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"The Stallions Avenge the Honor of the Sicilian Filly"

Gustave Morbid

Morbid had his name legally changed from Merveilleux when he joined the Depressionist movement in the 1860s and dedicated his life to documenting life's dark downside. This painting records the sordid events at the L'Esperance Boarding Stable in Paris, where the stableboys were suspected of taking indecent liberties with young and defenseless animals. As luck would have it a Sicilian duke, newly-arrived from Palermo, quartered his riding and carriage horses there and rumors began to spread.

Nothing was done to staunch the scandal until the night of June 23rd, when a dark-painted horse trailer slipped into the shadows near L'Esperance and four figures appeared, their coat collars turned up and their harness bearing the secret signs of the Black Hand, the Brotherhood of the Mafiosi. They moved ghostlike through the stalls until the surprised the stablehands in flagrante delicto with the beautiful daughter of the Duke's favorite mare.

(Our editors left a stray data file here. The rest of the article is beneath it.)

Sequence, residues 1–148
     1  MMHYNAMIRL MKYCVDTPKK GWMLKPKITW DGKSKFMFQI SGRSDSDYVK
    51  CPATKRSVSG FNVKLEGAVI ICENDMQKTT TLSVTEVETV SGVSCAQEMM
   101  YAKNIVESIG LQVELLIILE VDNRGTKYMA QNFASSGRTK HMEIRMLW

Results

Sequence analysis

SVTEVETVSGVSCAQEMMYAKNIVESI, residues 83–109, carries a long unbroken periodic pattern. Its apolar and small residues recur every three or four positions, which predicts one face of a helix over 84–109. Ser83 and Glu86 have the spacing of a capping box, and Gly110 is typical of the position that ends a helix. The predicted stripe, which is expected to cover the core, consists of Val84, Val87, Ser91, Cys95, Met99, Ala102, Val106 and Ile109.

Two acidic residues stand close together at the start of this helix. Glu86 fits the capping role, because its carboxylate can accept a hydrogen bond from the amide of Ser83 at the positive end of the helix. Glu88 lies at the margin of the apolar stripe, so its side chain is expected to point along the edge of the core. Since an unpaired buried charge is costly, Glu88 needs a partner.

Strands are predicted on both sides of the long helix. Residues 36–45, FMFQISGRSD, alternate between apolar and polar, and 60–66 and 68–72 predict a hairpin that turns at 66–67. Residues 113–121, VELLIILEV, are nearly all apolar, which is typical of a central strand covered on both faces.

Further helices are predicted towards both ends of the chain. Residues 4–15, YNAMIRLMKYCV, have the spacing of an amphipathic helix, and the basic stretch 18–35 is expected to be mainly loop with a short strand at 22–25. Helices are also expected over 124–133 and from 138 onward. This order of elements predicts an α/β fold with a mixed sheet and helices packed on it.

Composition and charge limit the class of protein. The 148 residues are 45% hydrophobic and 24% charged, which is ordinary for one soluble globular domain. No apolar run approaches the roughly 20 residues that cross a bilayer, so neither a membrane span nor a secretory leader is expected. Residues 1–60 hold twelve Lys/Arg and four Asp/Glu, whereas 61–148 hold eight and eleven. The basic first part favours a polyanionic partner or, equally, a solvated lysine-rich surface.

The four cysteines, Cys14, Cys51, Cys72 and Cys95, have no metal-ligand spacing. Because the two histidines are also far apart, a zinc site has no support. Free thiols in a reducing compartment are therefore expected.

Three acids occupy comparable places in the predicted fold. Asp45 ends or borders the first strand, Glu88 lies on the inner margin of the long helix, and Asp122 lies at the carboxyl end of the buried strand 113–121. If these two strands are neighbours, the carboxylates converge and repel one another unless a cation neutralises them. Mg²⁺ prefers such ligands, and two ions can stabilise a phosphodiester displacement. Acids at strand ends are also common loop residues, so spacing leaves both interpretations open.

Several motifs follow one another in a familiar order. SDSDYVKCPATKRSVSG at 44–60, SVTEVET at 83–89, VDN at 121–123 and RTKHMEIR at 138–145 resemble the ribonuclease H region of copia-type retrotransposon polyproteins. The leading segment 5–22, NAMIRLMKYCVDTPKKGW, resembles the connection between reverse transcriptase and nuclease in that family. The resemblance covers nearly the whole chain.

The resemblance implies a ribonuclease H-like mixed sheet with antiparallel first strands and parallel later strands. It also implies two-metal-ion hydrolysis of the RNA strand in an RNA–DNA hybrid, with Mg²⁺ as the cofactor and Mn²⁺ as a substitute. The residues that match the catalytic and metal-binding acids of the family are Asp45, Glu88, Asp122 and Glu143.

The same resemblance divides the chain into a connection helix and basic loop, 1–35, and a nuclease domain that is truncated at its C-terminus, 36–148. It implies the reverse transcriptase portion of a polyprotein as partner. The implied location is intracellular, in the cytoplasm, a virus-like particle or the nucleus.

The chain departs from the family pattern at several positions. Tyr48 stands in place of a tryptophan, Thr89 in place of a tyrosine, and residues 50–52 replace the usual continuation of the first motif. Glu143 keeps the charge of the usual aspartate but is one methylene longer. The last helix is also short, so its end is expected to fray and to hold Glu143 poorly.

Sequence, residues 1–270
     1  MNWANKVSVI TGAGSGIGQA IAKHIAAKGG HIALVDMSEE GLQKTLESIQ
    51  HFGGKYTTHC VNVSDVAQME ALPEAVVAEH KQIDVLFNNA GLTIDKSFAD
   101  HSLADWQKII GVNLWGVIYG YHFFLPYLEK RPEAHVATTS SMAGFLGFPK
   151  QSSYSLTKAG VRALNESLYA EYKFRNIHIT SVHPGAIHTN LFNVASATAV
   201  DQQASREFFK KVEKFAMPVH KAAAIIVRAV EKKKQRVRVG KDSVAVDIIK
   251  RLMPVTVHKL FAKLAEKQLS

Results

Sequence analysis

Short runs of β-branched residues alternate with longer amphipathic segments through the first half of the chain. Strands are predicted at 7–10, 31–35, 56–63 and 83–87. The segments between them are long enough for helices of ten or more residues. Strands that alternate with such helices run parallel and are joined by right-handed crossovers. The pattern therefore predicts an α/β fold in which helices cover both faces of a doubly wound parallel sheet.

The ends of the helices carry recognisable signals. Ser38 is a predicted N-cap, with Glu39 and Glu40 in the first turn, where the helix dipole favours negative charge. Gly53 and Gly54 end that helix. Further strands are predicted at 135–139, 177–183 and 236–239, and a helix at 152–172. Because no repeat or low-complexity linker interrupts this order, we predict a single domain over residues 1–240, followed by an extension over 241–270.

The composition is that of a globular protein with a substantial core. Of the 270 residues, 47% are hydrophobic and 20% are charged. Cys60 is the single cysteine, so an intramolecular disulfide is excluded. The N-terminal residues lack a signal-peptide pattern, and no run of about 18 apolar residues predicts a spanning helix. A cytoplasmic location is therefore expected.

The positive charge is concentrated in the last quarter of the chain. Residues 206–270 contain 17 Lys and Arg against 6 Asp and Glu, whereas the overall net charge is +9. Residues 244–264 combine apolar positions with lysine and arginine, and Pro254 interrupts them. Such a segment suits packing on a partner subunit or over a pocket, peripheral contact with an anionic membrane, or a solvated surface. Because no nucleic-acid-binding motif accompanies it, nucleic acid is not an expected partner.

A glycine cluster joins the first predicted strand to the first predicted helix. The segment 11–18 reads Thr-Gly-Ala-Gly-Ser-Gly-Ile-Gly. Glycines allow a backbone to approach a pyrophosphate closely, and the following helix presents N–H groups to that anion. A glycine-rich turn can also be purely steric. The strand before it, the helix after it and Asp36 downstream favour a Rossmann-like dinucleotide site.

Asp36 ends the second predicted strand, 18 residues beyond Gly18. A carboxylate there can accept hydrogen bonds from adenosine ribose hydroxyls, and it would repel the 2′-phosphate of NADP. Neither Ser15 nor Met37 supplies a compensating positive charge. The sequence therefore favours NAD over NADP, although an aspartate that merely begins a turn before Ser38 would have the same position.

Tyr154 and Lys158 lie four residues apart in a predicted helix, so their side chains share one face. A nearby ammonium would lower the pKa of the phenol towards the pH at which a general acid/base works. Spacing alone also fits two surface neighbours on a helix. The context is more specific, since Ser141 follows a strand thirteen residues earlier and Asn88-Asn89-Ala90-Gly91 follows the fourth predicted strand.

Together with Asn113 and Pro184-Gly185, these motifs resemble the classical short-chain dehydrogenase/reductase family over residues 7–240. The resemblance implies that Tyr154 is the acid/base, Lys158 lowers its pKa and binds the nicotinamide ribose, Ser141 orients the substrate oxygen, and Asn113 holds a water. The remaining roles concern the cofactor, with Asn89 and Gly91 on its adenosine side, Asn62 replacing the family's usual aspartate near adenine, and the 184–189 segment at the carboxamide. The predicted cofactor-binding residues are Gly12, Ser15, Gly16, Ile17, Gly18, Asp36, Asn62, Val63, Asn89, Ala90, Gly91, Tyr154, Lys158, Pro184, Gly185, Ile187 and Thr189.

Justice, though brutal, was swift, and in a matter of moments the stablehands were reduced to savaged piles of meat. The four grim figures rejoined the dark van and melted into the night. The neighbors, of course, had heard nothing, nor did the police look too deeply into the case. It was written off as "a tragic accident," although it was well known in the city that the chief of police had been the recipient of a purse of Sicilian florins, delivered to his home at midnight by four strangers bearing harness with the cryptic sign of the Black Hand...


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